“We need a total abolition of the system,” she said. 

Around 8:30 p.m., some people who had gathered at Cal Anderson started smashing parking meters and the windows of a Starbucks on First Hill. A second Starbucks was hit shortly after, and Seattle police issued a dispersal order before 9 p.m.

By 9:15 p.m., police had arrested several people on First Hill.

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Meanwhile, in downtown Seattle, the group that started at Westlake made their way to the U.S. Courthouse on Fifth Avenue and placed candles and flowers as part of a vigil for Taylor.

Protesters create a memorial to Breonna Taylor’s memory outside the Seattle Federal Courthouse Wednesday evening.  (Dean Rutz / The Seattle Times)
Protesters create a memorial to Breonna Taylor’s memory outside the Seattle Federal Courthouse Wednesday evening. (Dean Rutz / The Seattle Times)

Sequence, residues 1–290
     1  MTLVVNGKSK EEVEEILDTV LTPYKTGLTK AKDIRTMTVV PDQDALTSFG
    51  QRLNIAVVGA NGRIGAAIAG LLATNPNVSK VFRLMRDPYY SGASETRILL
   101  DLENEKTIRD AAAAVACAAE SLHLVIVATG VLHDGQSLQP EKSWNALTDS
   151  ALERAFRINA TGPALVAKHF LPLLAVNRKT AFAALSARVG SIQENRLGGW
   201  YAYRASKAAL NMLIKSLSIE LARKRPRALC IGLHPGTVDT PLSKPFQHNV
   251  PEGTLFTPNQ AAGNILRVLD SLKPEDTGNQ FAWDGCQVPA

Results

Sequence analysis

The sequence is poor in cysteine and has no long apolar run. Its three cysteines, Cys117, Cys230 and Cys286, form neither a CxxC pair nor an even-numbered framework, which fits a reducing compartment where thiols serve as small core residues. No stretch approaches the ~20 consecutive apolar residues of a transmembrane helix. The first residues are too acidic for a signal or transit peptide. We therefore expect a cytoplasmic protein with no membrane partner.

“You need to be educating your families, your friends, your neighbors and yourself,” one protester at the vigil shouted at the crowd. “Because if you grew up here, or in any white country, you do not have proper education. … Do not wait until there’s another dead Black body.”

Around 10:30 p.m., people reassembled outside the Police Department’s East Precinct on Capitol Hill, chanting and playing music before someone threw a firework at the precinct. 

“Stop throwing pyrotechnics at the precinct,” an officer said over a loudspeaker. 

Shortly after, a group of officers — some on bikes — came into the area, pepper spraying the crowd and sending people running, and some in the crowd threw a traffic cone and other objects at police, before the scene settled into a brief standoff at 11th Avenue and Pine Street.

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According to a series of tweets from the Police Department about 11 p.m., the officers deployed pepper spray after protesters “cut security cameras” at the precinct and started throwing glass bottles.

Officers briefly retreated from the intersection, but returned to issue another dispersal order around 11:40 p.m. when a fire broke out outside Sunset Electric Apartments on Pine Street. Officers used blast balls, pepper spray and impact munitions. They continued making arrests past midnight while pushing the crowds away from the precinct and into Capitol Hill side streets.